What is the block consists of in the bitcoin blockchain?

6 minutes

How the new block is created?

Transactions, which have been created by users, wait in the mempool (memory pool) in order to be processed by a miner. Transactions with higher fees have priority to be authorized, so they are attached to the block first. Miners start looking for the appropriate SHA-256 hash by changing the nonce value (proof-of-work concept). Thereafter, when one of the nodes finds suitable hash, it broadcasts the block to the network. Rest of the nodes check if the transactions in the block are valid and not already spent. If the new block is accepted, nodes will link next block with the hash of previous one.

What data does each block contain?

We know that the bitcoin network consists of blocks. But what data do those blocks contain? Well, each block consists of:

  • header: 80-byte, more about it in a moment,
  • magic number: 4-byte, always 0xD9B4BEF9
  • size of the block: 4-byte, indicates the amount of data that block can handle. The block is limited to 1mb size,
  • transactions counter: 1 to 9-byte, number of transactions that block contains,
  • transactions: < 1mb, list of all transactions in the block

The header of the block consist of the block metadata:

  • version: 4-byte, the currently used bitcoin protocol version,
  • hash of the previous block: 32-byte, the hash of the previous block header,
  • merkle root hash: 32-byte, the hash of the Merkle tree root of all transactions, that this block contains,
  • timestamp: 4-byte, used to sort blocks chronologically,
  • target: 4-byte, determines the difficulty of finding the appropriate block hash,
  • nonce: 4-byte, miner increments this number to find correct hash

2 * 32 bytes + 4 * 4 bytes = 80 bytes


Transactions are the most valuable data in the block. The first transaction in each block is called the generation transaction. This is the payment, which the miner adds on the top of the transaction field. If the node manages to mine his block, he will receive bitcoins, that he sheer added! That's how new coins are genuinely created "from the air". Each transaction consists of:

  • Txins: list of all transaction's inputs,
  • Txouts: list of all transaction's outputs,
  • Txins count: amount of all transaction's inputs,
  • Txouts count: amount of all transaction's outputs,
  • witnesses: serialization of the witness data used in SegWit transactions,
  • lock time: indicates the block number or the timestamp until the transaction is locked. Usually, this is set to zero, so the transaction is valid immediately after the block is added to the blockchain.

The Segregated Witness (SegWit) is the feature in the bitcoin network, that enables transaction signature data to be segregated efficiently. So, there is more space for transaction data in the block, but the block size is the same. The following data is included in the SegWit transactions:

  • version: 4-byte, the currently used bitcoin protocol version,
  • marker: 1-byte 0x00, indicates whenever transaction uses SegWit or not,
  • flag: 1-byte 0x01, indicates whenever transaction uses SegWit or not

Transactions merkle tree

Merkle tree is used to compute the unique hash value of all transactions. Firstly, transactions are converted to the hash, by the SHA-256 algorithm one by one. Secondly, the tree is constructed on top of those transactions.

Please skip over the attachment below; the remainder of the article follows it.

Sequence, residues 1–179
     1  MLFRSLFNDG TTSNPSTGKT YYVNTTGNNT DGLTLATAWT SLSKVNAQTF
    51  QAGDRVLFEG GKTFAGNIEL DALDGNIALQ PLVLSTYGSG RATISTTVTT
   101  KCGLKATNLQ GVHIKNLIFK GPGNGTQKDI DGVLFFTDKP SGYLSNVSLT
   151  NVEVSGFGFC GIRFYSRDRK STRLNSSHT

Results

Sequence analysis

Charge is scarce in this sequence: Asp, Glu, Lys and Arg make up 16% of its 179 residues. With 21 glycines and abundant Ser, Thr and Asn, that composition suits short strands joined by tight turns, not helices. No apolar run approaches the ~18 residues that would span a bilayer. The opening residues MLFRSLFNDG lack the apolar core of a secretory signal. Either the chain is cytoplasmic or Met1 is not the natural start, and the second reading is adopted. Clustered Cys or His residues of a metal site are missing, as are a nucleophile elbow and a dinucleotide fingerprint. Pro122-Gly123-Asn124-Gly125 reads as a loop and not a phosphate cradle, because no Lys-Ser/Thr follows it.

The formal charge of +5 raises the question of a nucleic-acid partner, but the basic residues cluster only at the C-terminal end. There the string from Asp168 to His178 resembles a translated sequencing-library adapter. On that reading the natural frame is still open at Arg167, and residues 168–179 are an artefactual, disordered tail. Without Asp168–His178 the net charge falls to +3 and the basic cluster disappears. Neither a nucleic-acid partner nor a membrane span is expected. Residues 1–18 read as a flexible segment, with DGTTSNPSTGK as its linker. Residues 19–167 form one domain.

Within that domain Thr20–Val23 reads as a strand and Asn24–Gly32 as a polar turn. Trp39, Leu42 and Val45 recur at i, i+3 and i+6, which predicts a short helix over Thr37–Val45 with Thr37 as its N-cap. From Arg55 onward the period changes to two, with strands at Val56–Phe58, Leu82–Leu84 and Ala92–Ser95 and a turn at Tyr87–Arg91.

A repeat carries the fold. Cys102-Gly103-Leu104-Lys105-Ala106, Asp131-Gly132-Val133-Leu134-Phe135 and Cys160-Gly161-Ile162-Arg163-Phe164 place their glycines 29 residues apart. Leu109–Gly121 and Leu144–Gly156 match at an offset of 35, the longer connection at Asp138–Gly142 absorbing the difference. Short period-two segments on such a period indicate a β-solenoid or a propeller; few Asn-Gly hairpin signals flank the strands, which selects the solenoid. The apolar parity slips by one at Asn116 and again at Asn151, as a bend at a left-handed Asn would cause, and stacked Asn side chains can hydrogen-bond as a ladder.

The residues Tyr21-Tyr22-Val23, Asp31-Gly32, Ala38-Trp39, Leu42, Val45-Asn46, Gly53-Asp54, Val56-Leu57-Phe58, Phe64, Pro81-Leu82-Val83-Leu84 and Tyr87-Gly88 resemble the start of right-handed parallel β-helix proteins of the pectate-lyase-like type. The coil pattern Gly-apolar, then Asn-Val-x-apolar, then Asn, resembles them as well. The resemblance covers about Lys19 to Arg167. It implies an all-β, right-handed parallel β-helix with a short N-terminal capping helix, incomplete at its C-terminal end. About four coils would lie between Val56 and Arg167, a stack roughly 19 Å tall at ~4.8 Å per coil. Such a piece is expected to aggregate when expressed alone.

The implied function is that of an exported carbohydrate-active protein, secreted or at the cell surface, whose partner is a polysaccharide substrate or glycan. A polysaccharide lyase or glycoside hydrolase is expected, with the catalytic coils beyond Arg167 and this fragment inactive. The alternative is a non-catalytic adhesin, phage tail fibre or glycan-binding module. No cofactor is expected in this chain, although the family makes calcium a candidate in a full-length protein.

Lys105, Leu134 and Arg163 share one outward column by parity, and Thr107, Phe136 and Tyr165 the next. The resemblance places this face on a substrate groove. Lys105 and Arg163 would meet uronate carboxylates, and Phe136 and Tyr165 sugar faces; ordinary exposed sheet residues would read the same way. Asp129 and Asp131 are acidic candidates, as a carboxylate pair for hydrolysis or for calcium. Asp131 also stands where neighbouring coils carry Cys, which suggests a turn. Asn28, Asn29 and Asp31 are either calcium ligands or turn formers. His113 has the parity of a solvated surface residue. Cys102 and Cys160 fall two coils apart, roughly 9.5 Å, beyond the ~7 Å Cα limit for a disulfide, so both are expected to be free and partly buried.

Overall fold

The merkle tree structure
The merkle tree structure

The root hash represents all of the transactions in the block. Therefore, if someone changed one of the transactions, it would cause changing all the hashes along the way! Moreover, the block hash would change too. And when the block hash changes, the consecutive block hash changes too, and so on. So, the whole blockchain from that particular moment is invalid! The most important takeaway is that we cannot change transaction data while it is already attached to the blockchain!

How would we verify if the transaction was attached to the block? Let's assume that we consider the hash4. To check if the hash is in the block, we need to obtain log2n transaction hashes (n = number of all transactions), which is called a Merkle path or the transaction proof. In this scenario, the Merkle path is simply: Hash3, Hash 1|2, Hash 5|6|7|8, Root Hash. We can simply query the network for that piece of information. So, we are starting at our hash4 and traversing upward calculating each hash on the current branch. Finally, we will get the root hash, and if the calculated root hash is equal to the root hash in the block, our transaction is embedded in the tree!

Transaction verification
Transaction verification

The bitcoin network obtains a special kind of node called Simplified Payment Verification (SPV). They are responsible for verifying if a transaction is in the block. Thanks to Merkle path, they don't need to download the whole blockchain, only a header of the block.

What are the transactions inputs and outputs?

Let's assume that Mark wants to send 1 BTC to Carl. Mark recently received 0.5 BTC and 0.7 BTC in different transactions. He is signing his transaction with those inputs: 0.5 BTC and 0.7 BTC. Because of that, he is eligible to get 0.2 BTC as a rest. In this particular case, he will sign a message with multiple inputs. Of course, if he had received more than 1 BTC in one transaction earlier, he would have included only one input in the transaction message. Besides inputs, there are also at most two outputs: one returning the change and one for the actual payment. There is no need to check the whole transaction history to sign a message.

Inputs and outputs in bitcoin transactions
Inputs and outputs in bitcoin transactions

<-- Return to all articles

Latest Posts

4 minutes

Aptos - is it the next 500x Ethereum killer?

-- Read --
5 minutes

How does the signing transaction works in the bitcoin blockchain?

-- Read --